To revise well, you need to be able to evaluate your sentences’ clarity and effectiveness. Just because you understand a sentence does not mean that others will.
- Make sure each of your sentences contains at least one subject and verb and expresses a complete thought. If you have difficulty identifying your sentences’ subjects and verbs, it will make it more difficult to evaluate your sentences.
- Review your sentences for prepositional phrases. If they’re “loaded” with them, that could weaken your sentences effect.
Example: In college, Jane studied math during the day after lunch with Judy.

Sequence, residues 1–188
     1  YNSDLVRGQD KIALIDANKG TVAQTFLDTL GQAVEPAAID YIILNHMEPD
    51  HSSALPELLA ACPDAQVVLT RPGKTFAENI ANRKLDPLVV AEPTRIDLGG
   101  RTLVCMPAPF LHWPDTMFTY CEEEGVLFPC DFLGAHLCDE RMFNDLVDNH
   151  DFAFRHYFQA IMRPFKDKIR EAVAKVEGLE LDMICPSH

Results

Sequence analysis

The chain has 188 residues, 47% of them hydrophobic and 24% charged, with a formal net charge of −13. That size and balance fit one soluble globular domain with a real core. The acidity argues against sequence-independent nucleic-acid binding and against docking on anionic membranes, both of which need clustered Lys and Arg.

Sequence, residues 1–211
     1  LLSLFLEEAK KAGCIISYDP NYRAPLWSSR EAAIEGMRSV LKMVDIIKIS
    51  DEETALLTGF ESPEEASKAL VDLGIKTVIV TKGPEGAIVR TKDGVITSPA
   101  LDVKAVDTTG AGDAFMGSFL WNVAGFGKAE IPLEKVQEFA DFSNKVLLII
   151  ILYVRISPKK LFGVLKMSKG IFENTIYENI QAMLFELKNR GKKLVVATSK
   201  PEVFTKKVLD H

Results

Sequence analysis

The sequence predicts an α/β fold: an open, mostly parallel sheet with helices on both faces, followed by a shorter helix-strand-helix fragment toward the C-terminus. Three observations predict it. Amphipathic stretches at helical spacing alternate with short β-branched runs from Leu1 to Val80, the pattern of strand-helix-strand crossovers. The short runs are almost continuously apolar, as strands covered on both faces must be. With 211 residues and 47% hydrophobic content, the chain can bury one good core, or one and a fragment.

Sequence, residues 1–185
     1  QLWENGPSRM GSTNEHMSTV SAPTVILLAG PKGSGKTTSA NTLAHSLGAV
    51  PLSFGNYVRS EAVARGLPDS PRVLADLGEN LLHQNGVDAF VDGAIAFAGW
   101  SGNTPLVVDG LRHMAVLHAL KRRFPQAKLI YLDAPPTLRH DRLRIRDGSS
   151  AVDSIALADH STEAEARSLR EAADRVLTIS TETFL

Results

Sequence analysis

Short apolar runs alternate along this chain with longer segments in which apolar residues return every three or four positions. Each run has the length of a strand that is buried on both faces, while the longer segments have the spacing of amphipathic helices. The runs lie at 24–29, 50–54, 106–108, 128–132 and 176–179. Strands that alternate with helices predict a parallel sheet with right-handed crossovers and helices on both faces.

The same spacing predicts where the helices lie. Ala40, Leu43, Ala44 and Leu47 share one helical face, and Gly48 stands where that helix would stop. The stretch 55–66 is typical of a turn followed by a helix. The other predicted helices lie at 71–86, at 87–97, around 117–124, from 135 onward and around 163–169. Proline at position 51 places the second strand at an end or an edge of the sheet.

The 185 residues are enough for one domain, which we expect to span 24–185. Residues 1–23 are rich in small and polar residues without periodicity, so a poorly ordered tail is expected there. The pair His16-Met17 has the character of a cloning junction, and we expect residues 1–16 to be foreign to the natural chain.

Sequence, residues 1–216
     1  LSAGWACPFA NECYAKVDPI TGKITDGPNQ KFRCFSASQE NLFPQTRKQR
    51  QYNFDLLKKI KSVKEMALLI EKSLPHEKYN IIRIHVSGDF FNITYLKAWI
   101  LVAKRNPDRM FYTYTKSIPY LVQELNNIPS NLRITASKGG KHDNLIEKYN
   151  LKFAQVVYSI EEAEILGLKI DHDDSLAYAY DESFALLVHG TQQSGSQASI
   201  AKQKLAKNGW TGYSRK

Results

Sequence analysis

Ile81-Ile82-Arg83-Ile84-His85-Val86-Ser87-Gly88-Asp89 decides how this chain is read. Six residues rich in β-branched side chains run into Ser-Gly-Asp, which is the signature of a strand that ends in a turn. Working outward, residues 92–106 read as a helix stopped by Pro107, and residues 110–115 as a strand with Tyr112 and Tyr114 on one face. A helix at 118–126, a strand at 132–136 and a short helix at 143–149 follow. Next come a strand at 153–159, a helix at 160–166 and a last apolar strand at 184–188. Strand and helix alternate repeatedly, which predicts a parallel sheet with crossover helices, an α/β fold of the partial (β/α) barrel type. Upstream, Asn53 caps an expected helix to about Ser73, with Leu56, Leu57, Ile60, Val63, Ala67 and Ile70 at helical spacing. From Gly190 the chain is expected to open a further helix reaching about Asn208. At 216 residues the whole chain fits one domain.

The above example contains four prepositional phrases, each of which begins with a preposition:
- in college
- during the day
- after lunch
- with Judy
The example above could be improved by this rewrite: In college, Jane and Judy studied math after lunch.
For those grammatically inclined, “Jane” and “Judy” form a compound subject, “studied” is the verb, “math” is a direct object indicating what Jane and Judy studied, and “after lunch” and “In college” are prepositional phrases serving as adverbs that reveal when Jane and Judy studied math together.